8th Earl (Countess) of Ross, Euphemia Leslie, b.?, a.1402, d.1394-1398


Daughter of the 7th Earl and Isabella Stewart, daughter of Robert Stewart, 1st Duke of Albany. She was under total control of her grandfather Albany, and she eventually resigned the earldom to his own son rather than her father’s sister Mariota (b.?, d.1440). Mariota married Domhnall of Islay, Lord of the Isles, and they pressed Mariota’s claim, having control of the earldom’s main seat at Dingwall Castle and the nominal backing of the young King James I, then being held captive by the English. In 1411 Domhnall led a strong Highland army into Aberdeenshire, but was repulsed at the Battle of Harlaw by Alexander Stewart, 11th Earl of Mar, an illegitimate son of Buchan. This battle is often portrayed as being a conflict between the Gaelic-speaking Viking influenced tribal Celt and the English-speaking Anglo-French influenced Celt, but in my opinion this is giving it too much weight as a mirror of the times. In any case, it was a fiercely fought contest with large numbers of casualties. With the outcome undecided, Domhnall retreated to the Isles, giving Albany time to raise another army and send it north. This force was large enough to push right into Easter Ross, taking Dingwall, and forcing Domhnall to surrender his claim. In 1415 Albany persuaded Euphemia to resign the earldom to his son John Stewart, who was already 3rd Earl of Buchan. By the time that James returned from captivity in England, both Albany and Domhnall had died, Albany having been succeeded by his son Murdoch Stewart. James removed Murdoch from power and had him executed for treason, and gave support to Mariota’s claims, allowing her son to succeed as earl in 1437.


9th Earl of Ross, John Stewart, b.c.1381, a.1415, d.1424


Son of Robert Stewart, Earl of Fife and Duke of Albany, and Muriel Keith. He is principally known as 3rd Earl of Buchan and had little involvement in the Ross earldom.


10th Earl of Ross, Alexander Macdonald, b.?, a.1437, d.1449


Son of Mariota Leslie, sister of the 7th Earl, and Domhnall of Skye, Lord of the Isles.  Himself Lord of the Isles from 1423, he was a supporter of James I against the Albany Stewarts. However, once Murdoch Stewart and his allies were removed from power, Alexander declared himself Earl of Ross, whereas the King also had a justifiable claim being a cousin of the previous holder. In 1428 James travelled north to enforce his authority and arranged to meet Alexander at Inverness, but took him prisoner along with his mother and several close allies such as MacKay, Munro, Mathieson and MacKenzie. James had to release his prisoners to save face after Alexander’s uncle John Macdonald was killed by a royal messenger. The following year, the Macdonalds went to war, taking Inverness, with the aim of replacing the King with James Stewart, son of Murdoch of Albany, who had support in the Albany Stewart earldoms of Fife and Menteith and also from England. This James Stewart died suddenly, fortunately for the King, and he led a large army north into Badenoch, where Clan Chattan and the Camerons came out on his side. Alexander fled the battlefield and the King took the major castles of Urquhart and Dingwall. With the threat of artillery now being used against him, Alexander turned himself in, and he was confined at Tantallon Castle under the control of William Douglas, 2nd Earl of Angus. James now handed the task of quelling the rebellious provinces to Alexander Stewart, 11th Earl of Mar. However, in both Lochaber and Strathnaver, the King’s men met with defeat, and not being able to afford a protracted campaign, James released Alexander. In 1435 Mar died without an heir, and with him went King’s influence over the north-eastern highlands. James had no option but to recognise Alexander as Earl of Ross. In 1439 Alexander was made Justiciar of Scotland, and in the last few years of his life parcelled out large areas of Ross to his chief vassals.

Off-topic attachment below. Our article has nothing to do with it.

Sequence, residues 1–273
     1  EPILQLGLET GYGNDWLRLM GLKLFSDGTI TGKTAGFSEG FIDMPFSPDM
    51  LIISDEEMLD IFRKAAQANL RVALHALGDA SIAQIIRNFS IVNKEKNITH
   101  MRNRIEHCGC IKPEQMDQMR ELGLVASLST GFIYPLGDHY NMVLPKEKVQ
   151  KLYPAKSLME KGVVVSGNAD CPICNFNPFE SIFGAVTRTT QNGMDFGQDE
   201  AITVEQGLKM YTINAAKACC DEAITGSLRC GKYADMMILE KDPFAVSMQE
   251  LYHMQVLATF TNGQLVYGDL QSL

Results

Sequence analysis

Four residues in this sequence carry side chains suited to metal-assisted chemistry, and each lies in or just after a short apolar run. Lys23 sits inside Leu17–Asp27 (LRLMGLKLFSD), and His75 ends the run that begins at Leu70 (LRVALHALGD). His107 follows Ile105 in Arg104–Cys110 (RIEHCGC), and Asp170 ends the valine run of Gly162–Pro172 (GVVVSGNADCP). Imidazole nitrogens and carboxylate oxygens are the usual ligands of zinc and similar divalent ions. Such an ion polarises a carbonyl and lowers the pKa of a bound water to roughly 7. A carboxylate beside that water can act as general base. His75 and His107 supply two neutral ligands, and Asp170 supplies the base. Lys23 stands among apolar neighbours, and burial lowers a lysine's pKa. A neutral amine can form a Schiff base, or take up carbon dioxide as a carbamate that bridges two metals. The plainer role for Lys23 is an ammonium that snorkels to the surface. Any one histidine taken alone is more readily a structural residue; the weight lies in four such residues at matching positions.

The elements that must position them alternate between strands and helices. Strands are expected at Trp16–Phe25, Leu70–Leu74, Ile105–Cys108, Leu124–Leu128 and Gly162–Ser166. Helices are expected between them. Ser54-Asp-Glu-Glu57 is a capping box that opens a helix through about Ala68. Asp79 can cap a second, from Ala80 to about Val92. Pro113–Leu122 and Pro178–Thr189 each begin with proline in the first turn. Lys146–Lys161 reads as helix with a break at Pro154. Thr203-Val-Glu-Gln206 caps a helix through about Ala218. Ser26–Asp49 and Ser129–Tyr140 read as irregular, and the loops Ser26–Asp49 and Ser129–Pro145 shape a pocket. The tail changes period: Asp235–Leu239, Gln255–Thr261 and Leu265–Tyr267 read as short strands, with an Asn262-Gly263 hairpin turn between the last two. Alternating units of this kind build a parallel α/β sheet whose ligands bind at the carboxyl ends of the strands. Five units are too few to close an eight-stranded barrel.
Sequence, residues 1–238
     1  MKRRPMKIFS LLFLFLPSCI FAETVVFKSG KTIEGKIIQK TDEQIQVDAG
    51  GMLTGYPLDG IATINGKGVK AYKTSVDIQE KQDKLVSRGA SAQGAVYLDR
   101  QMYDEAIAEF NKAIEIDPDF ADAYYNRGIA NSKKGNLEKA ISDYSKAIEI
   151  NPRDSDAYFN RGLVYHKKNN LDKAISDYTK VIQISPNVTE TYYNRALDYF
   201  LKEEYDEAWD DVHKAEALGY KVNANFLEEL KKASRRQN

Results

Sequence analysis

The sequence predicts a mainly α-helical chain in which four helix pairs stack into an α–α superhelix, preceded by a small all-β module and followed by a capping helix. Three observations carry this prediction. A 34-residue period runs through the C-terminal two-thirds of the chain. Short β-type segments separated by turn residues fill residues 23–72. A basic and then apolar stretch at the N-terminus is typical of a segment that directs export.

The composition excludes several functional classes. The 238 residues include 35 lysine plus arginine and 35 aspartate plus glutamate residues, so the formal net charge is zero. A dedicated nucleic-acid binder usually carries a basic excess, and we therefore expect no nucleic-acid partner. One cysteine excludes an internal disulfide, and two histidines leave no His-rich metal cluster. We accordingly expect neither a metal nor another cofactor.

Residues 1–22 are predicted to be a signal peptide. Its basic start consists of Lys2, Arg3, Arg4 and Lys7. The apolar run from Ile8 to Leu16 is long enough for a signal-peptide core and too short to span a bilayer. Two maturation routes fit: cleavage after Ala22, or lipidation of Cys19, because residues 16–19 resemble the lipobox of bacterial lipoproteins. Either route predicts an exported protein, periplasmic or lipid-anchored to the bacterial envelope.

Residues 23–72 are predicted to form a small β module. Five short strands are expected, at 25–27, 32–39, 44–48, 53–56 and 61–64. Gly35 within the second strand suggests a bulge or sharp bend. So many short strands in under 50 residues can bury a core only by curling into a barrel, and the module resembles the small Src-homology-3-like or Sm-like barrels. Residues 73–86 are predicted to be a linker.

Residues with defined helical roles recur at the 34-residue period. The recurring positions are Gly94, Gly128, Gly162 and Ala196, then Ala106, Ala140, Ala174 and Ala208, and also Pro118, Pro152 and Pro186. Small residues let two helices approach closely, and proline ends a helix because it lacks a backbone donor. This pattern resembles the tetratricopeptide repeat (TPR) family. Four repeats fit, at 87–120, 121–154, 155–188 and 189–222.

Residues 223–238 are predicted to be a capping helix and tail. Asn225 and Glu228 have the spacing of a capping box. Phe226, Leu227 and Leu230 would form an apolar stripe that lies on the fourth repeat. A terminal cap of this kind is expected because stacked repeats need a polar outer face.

11th Earl of Ross, John Macdonald, b.c.1435, a.1449, d.1503


Son of the 10th Earl and Elizabeth Seton, daughter of Sir Alexander Seton, Lord of Gordon and Huntly. As Lord of the Isles he had pretensions for kinghood, if not of the whole of Scotland, then all of Scotland north of the Forth. He was encouraged, possibly by the King, to marry Elizabeth Livingston, daughter of James Livingston, 1st Lord Livingston (for whom see the earls of Linlithgow), who was highly influential at Court, but when Livingston briefly fell from favour and fled to his son-in-law’s protection, Ross used the opportunity to rise in rebellion, and started out by taking the royal castles of Inverness, Urquhart and Dingwall back into his possession. He also made a bond with William Douglas, 8th Earl of Douglas, and Alexander Lindsay, 4th Earl of Crawford, the most powerful of the southern nobles. However, when James II murdered Douglas for refusing to break this bond, Macdonald did nothing untoward, and after the collapse of the Black Douglas, took the opportunity to extend his influence into the borders. Soon after James died in 1460, the Lancastrian Henry VI sought refuge with the Scottish court after being forced out by the House of York. Ross was approached by James Douglas, the exiled last earl of Douglas, acting as an emissary of Edward VI, and in return sent his own representatives to London to negotiate a treaty for him to pay homage to Edward in return for control of Scotland north of the Forth. In reality, Edward was using Ross as a diversion in order to put the Scots under pressure not to support the Lancastrians. Ross, as part of the agreement, advanced his forces further eastwards, with the quickly-desired effect that the Scots washed their hands of Henry. Ross, possibly seeing through the deceit, retired his troops and everything went quiet. However, some years later, when Edward needed to keep the peace with the Scots while at war in France, he informed James III of the terms of his treaty with Ross. Ross was immediately declared forfeit as a traitor and forced to submit himself to the King in the summer of 1476. He was treated comparatively leniently, but was stripped of much of his domains, and created Lord of the Isles anew as a vassal of the King, with much loss to his personal standing. The pressure was too much, and he was ousted as Lord of the Isles and head of Clan Donald by his son, Angus Og Macdonald, and defeated at sea in the Battle of the Bloody Bay, off Tobermory, in 1481. Angus retook Easter Ross but was initially pressurised by the earls of Atholl and Huntly. In 1488 Angus took the opportunity caused by a rebellion in the south of the country to take Inverness again, but he was murdered in his sleep in 1490, after which John re-appeared under the influence of his nephew Alexander Macdonald of Lochalsh. They attempted to resume control of Ross but where beaten by the Mackenzie Clan, and in 1493 James IV abolished the title of Lord of the Isles. John Macdonald died in idle captivity some years later.